Lyme numbers a ‘health emergency’
“Part of our charge is the education of the public,” said Deer Task Force President Ruth Perfido at the group’s Oct. 15 meeting. As part of that effort, the Deer Task Force (DTF) has joined with Block Island Health Services to reach out to the State Department of Health (DOH), and to state and federal legislators to make them aware of the increasing number of island residents being diagnosed with Lyme and other tick-borne diseases.
As of the end of August 2013, there have been 68 cases of Lyme disease reported on the island. This represents a significant increase from a total of 48 cases for all of 2012. BIHS Executive Director Barbara Baldwin, who attended the DTF meeting, said there would be an update at the next Medical Center meeting on Oct. 28. *
As a result of earlier meetings of the two groups and town officials, Baldwin said a letter had been sent to Dr. Michael Fine, director of the DOH, with copies sent to state and federal congressional delegates.
“We’re saying it [the increase of Lyme cases] is a health emergency and want the Department of Health to respond positively,” Baldwin said. “We’re looking for affordable accessibility to testing and the eradication of Lyme.” She was pleased that a recent day of free Lyme testing at the medical center had drawn 123 people.
At the time of the meeting, the local medical center had not yet heard back from Fine. Contacted after the meeting, DOH Public Information Officer Andrea Degos explained said that “Dr. Fine has drafted a response and has agreed to meet [with members of both groups] as requested.”
George Mellor was concerned that the number of Lyme cases was being under-reported — not just on the island but around the state as well. This view is shared by increasingly more health care practitioners and researchers who point out that not everyone can afford to be tested, leaving many cases unreported.
Degos acknowledged that Lyme is under-reported, and said that while the DOH issues forms for doctors to fill out, not all do so and consequently cases go unreported.
Degos added that due to the inconsistency of information provided, the reports are divided into categories; possible, probable and confirmed cases. To qualify for the latter, the report must be based on both positive test results and clinical data provided by the physician. These criteria are consistent with those followed by the island’s medical center when filing its reports, Baldwin explained after the meeting.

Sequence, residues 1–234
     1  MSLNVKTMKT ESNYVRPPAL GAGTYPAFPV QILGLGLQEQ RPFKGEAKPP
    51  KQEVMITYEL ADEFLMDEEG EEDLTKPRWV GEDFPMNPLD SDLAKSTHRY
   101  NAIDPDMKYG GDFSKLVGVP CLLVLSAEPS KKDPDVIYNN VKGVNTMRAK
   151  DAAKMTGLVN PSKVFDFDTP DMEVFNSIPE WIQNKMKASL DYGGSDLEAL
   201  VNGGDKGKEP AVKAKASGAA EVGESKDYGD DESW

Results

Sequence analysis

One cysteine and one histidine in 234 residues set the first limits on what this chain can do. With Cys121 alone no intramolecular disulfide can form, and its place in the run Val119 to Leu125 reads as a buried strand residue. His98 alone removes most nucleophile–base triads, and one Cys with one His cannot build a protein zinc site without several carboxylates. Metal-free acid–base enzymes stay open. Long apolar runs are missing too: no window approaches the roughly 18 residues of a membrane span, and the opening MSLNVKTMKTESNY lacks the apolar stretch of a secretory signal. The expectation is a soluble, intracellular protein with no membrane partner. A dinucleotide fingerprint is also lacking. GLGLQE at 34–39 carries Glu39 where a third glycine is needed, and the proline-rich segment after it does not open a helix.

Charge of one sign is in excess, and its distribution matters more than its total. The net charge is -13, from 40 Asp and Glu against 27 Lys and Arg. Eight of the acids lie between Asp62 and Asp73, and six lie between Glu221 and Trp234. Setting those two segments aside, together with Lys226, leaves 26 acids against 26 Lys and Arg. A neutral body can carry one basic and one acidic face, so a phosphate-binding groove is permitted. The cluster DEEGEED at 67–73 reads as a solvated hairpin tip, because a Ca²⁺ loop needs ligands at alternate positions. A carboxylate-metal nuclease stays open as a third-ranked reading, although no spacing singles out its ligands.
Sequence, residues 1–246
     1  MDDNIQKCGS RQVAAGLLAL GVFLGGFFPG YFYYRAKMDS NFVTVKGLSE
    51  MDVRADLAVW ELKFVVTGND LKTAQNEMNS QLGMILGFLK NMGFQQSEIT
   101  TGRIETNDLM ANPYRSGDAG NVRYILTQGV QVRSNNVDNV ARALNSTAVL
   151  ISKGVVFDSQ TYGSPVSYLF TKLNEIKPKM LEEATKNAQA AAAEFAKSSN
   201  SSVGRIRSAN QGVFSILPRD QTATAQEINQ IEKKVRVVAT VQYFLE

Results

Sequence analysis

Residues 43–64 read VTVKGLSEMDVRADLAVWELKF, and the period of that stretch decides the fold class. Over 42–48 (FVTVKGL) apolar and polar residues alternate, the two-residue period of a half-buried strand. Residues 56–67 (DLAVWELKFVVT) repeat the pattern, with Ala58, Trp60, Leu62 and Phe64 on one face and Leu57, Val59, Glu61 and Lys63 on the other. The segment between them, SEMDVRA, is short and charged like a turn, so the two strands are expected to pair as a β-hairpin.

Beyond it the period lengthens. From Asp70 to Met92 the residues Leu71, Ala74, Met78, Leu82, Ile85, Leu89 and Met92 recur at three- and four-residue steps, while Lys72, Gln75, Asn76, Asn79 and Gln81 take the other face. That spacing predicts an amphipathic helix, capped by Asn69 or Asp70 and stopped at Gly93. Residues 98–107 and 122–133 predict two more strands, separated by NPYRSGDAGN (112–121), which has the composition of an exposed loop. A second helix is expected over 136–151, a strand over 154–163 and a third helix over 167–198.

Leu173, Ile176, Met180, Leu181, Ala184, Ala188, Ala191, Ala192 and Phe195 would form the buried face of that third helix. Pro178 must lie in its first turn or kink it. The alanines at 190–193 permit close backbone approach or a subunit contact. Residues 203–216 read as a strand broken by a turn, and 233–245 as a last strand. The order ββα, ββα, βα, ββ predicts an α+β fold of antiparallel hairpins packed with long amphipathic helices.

“BIHS reports cases to the DOH in two circumstances: if there is a positive test result and if there is a positive identification of a rash. These are the only ways at this time to confirm Lyme,” Baldwin said.
However, Baldwin pointed out, “Every month we issue a report on how many people came in with Lyme-related issues and we track these.” She acknowledged that Lyme tests are very expensive. Perfido suggested looking into possible grant funds for testing. “The best solution would be to have the Health Department fund testing for those who can’t afford it,” Baldwin said.
Task force member Heather Hatfield suggested encouraging the public to contact authorities upstate. “People need to tell [each other] to put more pressure on the DOH and on their [legislative] representatives.” She added, “Let’s get it out there: write your state and federal legislators and write to the Department of Health.”
From the audience, Dean Brown described the many difficulties he’d experienced over many years of battling Lyme Disease. He also commended the ongoing study conducted by Yale University under the direction of Maria Ana Diuk-Wasser, assistant professor of epidemiology at Yale.
Brown said tick collection was taking place on United States Fish and Wildlife Service property on the island and on some of his own adjacent land. In one sweep the group found over 10,000 ticks, he said. He considered the numbers ominous given that 20 percent of them would be considered infectious.
Bill McKernan suggested that Brown and others suffering with Lyme write letters to The Block Island Times describing their ordeals in order to get the community’s attention about the urgency of the situation. “It is an important thing to do,” he said.
Lisa Sprague suggested that the Tourism Council and the Chamber of Commerce “take a position” about eradicating the disease from the island.
Perfido said, “The focus [needs to be] on the substantial reduction of the [deer] herd.”
She added that there also needed to be “a way to get better statistics. There should be funds to make certain that everyone can be tested.” She asked if the group should hold a fundraiser for that purpose.
“For flu shots there is money provided by the DOH,” Baldwin said, “but there is no subsidy for Lyme testing.”
Task force members discussed their most recent fundraiser: a successful sale of lime-green caps with the logo, “I’m ticked off!” The group decided to keep selling the hats, and to extend the sale to the upcoming annual Christmas Stroll at the end of November.
The next meeting is set for Nov. 12.
*This article has been changed from the version that appeared in print. The next BIHS board meeting is Oct. 28, not Oct. 21.